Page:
Leonard Smith, M.D., is a renowned gastrointestinal, vascular and general surgeon as well as an expert in the use of nutrition and natural supplementation. As a surgeon, Dr. Smith has first-hand experience of the problems associated with faulty digestion and the surgical necessities they can cause.
For the past 20 years, Dr. Smith has investigated many holistic medical programs, including nutrition, exercise, chelation, stress management and the relevance of mental and spiritual attitudes in healing. Acknowledging the effectiveness of whole organic foods and nutritional supplementation, Dr. Smith strives to stay on the leading edge of research and breakthroughs in the field of functional nutrition.
In last week's article, Are You Dangerously Deficient in Taurine?, I explained the importance of the amino acid taurine and how it is essential for developing babies and newborns. I also covered the risks of deficiency in children and adults.
This week's article covers how to accurately determine taurine levels, how much to take and other supplements that can enhance taurine production.
There are several reasons you may want to be tested for taurine levels. I have included just a few of those that have been highlighted in my research.
While there are general guidelines for taurine supplementation, you may want to have your levels tested first. Keep in mind that some tests are more accurate than others.
Urine and stool tests are less likely to be accurate, especially for vegans, newborns and people with low zinc or the systemic fungal infection, candida. In these cases, these tests may show a deficiency or excess of taurine, which would not be an accurate measurement of total body taurine levels
When a fetus in his mother's womb is under stress, there may be a significant decline in the production of the taurine transporter molecule. This means that taurine will not be transported or carried into the cells of the developing fetus in sufficient amounts.
Fetal distress basically means your baby is not tolerating labor well and may have a heart rate that is too high or too low. While babies born with this condition are typically in good health, some cases may result in problems such as seizures, retardation and learning disabilities.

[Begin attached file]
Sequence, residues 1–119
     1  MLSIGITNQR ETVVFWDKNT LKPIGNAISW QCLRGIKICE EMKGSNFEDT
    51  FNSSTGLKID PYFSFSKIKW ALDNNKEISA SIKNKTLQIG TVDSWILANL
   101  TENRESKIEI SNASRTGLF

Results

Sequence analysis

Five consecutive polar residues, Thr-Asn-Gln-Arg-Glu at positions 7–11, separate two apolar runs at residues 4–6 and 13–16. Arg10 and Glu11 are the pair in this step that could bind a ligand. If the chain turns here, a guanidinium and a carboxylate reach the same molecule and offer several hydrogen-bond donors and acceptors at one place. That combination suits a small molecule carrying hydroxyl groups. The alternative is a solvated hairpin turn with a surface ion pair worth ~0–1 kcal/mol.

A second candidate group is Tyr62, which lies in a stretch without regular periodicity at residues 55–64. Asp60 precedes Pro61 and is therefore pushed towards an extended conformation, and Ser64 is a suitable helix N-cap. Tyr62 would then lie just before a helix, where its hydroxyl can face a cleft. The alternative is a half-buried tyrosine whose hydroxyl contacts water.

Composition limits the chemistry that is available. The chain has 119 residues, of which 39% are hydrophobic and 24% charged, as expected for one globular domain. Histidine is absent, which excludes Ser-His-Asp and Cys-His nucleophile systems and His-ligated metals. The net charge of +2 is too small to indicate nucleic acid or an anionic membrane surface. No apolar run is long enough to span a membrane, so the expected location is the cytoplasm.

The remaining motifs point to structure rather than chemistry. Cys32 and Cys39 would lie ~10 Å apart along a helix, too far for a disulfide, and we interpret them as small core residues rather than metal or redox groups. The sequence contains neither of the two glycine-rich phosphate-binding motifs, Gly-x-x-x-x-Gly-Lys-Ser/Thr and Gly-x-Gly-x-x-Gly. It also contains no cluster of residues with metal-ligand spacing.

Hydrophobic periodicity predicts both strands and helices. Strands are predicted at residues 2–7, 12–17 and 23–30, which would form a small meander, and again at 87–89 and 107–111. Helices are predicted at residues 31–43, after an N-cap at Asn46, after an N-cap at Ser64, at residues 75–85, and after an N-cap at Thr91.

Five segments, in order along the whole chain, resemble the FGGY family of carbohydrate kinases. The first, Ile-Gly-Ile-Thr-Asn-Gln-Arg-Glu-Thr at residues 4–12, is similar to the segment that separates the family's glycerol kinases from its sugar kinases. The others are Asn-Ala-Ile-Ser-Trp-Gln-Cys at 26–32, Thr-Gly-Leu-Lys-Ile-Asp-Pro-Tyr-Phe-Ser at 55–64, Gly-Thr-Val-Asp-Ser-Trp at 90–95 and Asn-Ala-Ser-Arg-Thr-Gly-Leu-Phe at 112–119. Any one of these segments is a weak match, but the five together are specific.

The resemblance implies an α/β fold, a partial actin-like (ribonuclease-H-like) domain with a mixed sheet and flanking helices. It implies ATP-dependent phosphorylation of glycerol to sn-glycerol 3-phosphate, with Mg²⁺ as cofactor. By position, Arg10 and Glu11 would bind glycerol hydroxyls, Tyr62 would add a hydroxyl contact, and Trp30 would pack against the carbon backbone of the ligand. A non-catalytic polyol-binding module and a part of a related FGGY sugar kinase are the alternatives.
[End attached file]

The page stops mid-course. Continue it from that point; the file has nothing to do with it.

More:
There are many causes linked to fetal distress - including low grade infection, and/or inflammation, which can lead to a degree of acid buildup in the tissues and blood. The Body Ecology Diet. Learn why mothers are at risk for infections during pregnancy, including candida (which also lowers taurine) by reading: The Myths and Truths of the Mercury/Autism Connection.
Since taurine is an essential amino acid for the fetus and newborn (they cannot make taurine on their own), the mother's supply of taurine is essential for her developing baby. If a mother's taurine is low during or after her baby's birth (newborns get taurine from breast milk), taurine from her diet or supplementation is important.
While more research is needed, we feel this plays a role in Autism Spectrum Disorders (ASD) that range from ADD to autism.
Many autistic children have candida and are losing taurine through their urine. Urine tests would show taruine to be too high, when in fact, total body taurine is low. Read last week's article, Are You Dangerously Deficient in the Taurine?, to learn why a urine test for taurine can be ineffective if you or your child have candida.
Taurine is an essential amino acid for babies. If an expecting mother is deficient in taurine, her developing baby is at risk
I recommend getting your taurine levels tested by your doctor and understanding the possible side effects before supplementing with taurine.
Here are some general guidelines based on research for taurine supplementation that you can share with your doctor.
Keep in mind that these doses are general guidelines, supported by medical literature. All dosage guidelines would vary depending on your kidney and liver function, genetics, general state of health and body size.
I believe taurine should be taken with P5P (the active form of vitamin B6) because it is necessary for taurine production.
(check with your doctor for your specific situation):
Possible symptoms of toxicity from taurine supplementation include diarrhea and peptic ulcers.
The potential for ulcers arises from the fact that taurine stimulates gastric acid production. For many people who are low in stomach acid, including the elderly and autistic children, gastric acid production could be a benefit.
However, if you have plenty of stomach acid or are taking hydrochloric acid (HCl) to aid your digestion, you may want to discuss this with your doctor or discontinue your HCl supplements when supplementing with taurine.
Based on the animal study, mentioned below, fermented foods and drinks would also be beneficial to build a healthy inner ecosystem that could help with taurine metabolism in your gut.
In a study done on cats consuming the appropriate level of dietary taurine, low levels were found in their urine and feces. The reason for this disparity is probably due to microbial degradation in the gut, which leads me to believe that the metabolism of the gut is important in determining their taurine status.
If the same is true for humans, it's one more reason why a healthy inner ecosystem, teeming with good bacteria, is critical. The Body Ecology Diet provides the keys to creating your healthy inner ecosystem and boosting your immunity.